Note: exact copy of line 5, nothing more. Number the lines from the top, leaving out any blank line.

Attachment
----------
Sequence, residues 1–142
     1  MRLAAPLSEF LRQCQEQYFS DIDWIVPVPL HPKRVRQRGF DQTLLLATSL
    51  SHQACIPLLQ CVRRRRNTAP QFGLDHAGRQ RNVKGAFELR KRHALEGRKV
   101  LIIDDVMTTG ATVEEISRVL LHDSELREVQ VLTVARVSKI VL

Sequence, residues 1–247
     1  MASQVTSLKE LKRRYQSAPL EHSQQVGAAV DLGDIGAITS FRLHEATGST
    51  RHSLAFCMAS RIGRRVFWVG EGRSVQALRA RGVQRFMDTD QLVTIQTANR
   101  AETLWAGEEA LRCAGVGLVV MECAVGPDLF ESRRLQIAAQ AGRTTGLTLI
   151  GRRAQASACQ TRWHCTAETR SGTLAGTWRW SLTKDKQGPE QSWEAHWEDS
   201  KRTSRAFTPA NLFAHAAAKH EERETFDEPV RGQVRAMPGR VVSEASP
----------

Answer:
Sequence, residues 1–247